Friday, 21 August 2009

PM requested bomber 'sensitivity' - Thanks for that Gordy!

This from the BBC is a complete non-story. As we are all aware Megrahi has been released to jubilant scenes in Libya, his homeland. Fortunately the BBC are now telling us that PM Brown requested of the Libyans that they show 'sensitivity' upon Megrahi's return. Well assuming that's true thanks PM well done! Now will you actually tell us what you think about this decision to release Megrahi, the convicted Lockerbie bomber? Also will there be an inquiry to establish exactly what happened to Pan Am 103? Who was responsible and which terror supporting regime orchestrated this attack? I ask because almost 21 years later people do still not know the full story. Sadly I fear the truth will die with Megrahi. This is a unsatisfying end to a sad and sordid story. Full text below.
Prime Minister Gordon Brown had asked Libya to "act with sensitivity" in its welcome for the returning Lockerbie bomber, it has emerged. He sent a letter to Colonel Gaddafi ahead of Abdelbaset Ali al-Megrahi's release from Greenock Prison. Crowds in Tripoli, some waving Saltire flags, greeted the Libyan after he was freed on compassionate grounds.

Mr Brown has been urged by Tory leader David Cameron to make clear his view of the decision to release Megrahi. Downing Street confirmed the prime minister had asked Libya to show restraint on the return of the man convicted of killing 270 people in the 1988 atrocity. The celebratory welcome was subsequently described as "deeply distressing" by Foreign Secretary David Miliband.

It is curious that while others have commented, Britain's own prime minister has not said
David CameronConservative leader. Mr Brown has now been asked by Mr Cameron to state his opinion of the decision to release Megrahi on compassionate grounds. The Conservative leader has already said he believes Scottish Justice Secretary Kenny MacAskill was wrong to free the Libyan. In a letter to Mr Brown, he said the fact that the Scottish Government made the decision did not preclude the prime minister from making a comment.

He wrote: "It is curious that, while others have commented, Britain's own prime minister has not. "I hope you will now take the opportunity to do so. Above all, I believe the public are entitled to know what you think of the decision to release Megrahi, and whether you consider it was right or wrong."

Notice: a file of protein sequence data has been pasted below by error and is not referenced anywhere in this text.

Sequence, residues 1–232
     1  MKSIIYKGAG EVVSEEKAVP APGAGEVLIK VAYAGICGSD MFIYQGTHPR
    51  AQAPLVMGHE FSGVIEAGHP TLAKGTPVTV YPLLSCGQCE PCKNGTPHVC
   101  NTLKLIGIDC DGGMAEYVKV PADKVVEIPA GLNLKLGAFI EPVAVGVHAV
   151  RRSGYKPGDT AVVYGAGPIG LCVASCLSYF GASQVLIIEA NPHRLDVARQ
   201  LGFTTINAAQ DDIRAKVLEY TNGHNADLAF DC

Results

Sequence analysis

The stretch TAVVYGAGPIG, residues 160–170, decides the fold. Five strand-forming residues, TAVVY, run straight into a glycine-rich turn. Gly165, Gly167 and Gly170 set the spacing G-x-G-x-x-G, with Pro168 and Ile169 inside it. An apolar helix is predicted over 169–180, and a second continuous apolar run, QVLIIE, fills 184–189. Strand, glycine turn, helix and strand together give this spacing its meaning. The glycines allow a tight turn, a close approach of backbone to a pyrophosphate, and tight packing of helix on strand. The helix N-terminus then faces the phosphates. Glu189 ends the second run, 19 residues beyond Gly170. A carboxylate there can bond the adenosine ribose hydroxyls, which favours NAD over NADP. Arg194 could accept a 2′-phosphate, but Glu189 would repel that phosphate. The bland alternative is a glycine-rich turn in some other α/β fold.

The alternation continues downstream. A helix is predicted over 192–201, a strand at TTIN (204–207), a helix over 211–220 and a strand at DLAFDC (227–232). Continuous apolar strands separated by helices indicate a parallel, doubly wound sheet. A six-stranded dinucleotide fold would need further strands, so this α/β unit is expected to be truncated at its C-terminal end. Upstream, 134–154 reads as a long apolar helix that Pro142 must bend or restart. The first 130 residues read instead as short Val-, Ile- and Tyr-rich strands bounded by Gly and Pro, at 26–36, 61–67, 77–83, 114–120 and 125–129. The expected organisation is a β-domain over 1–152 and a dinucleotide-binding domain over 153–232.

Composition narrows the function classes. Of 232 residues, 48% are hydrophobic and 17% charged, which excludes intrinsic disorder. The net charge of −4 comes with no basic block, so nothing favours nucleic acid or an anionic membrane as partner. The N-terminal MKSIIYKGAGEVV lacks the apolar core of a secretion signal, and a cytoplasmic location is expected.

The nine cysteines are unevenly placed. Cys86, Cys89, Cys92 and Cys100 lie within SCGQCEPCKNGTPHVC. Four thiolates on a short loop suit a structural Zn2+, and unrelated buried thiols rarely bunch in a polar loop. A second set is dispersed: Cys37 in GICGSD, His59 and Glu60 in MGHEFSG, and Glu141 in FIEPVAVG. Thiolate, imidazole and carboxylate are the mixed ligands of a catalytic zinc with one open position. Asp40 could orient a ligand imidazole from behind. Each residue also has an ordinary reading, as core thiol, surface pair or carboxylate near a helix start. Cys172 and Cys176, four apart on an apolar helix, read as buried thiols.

Scotland's First Minister Alex Salmond said that the decision had been made "for the right reasons". The scenes which greeted the Lockerbie bomber's return have been widely criticised.
US President Barack Obama described the release as a "mistake" and said his administration had urged Libya not to give Megrahi a hero's welcome.

Scottish First Minister Alex Salmond also said the reception was "inappropriate".
Dumfries Labour MP Russell Brown and Dumfriesshire Conservative MP David Mundell described the scenes as "stomach turning" and "sickening". It has also emerged that a visit to Libya by the Duke of York is being reconsidered following the welcome reserved for Megrahi. The Duke's spokesman said a trip to Libya in early September had been "in its planning stages". Terminal cancer He added: "We will continue to take advice from the Foreign Office as we do with all overseas royal visits."

A Foreign Office spokeswoman said she was unable to confirm the visit would be cancelled because an official invitation to the British Government from Libya had not yet been received.
However, it is believed the visit by the Duke, who is understood to have made several trips to Libya in recent years, is unlikely to go ahead. Lockerbie bomber Megrahi, who has terminal prostate cancer, was released from jail on Thursday on compassionate grounds and flew back to Libya.

He was convicted in 2001 of carrying out the 1988 atrocity in which 270 people were killed.
He dropped his appeal against conviction earlier this week. Scottish prosecutors at the Crown Office have now confirmed they have also dropped an appeal against his "unduly lenient" sentence.

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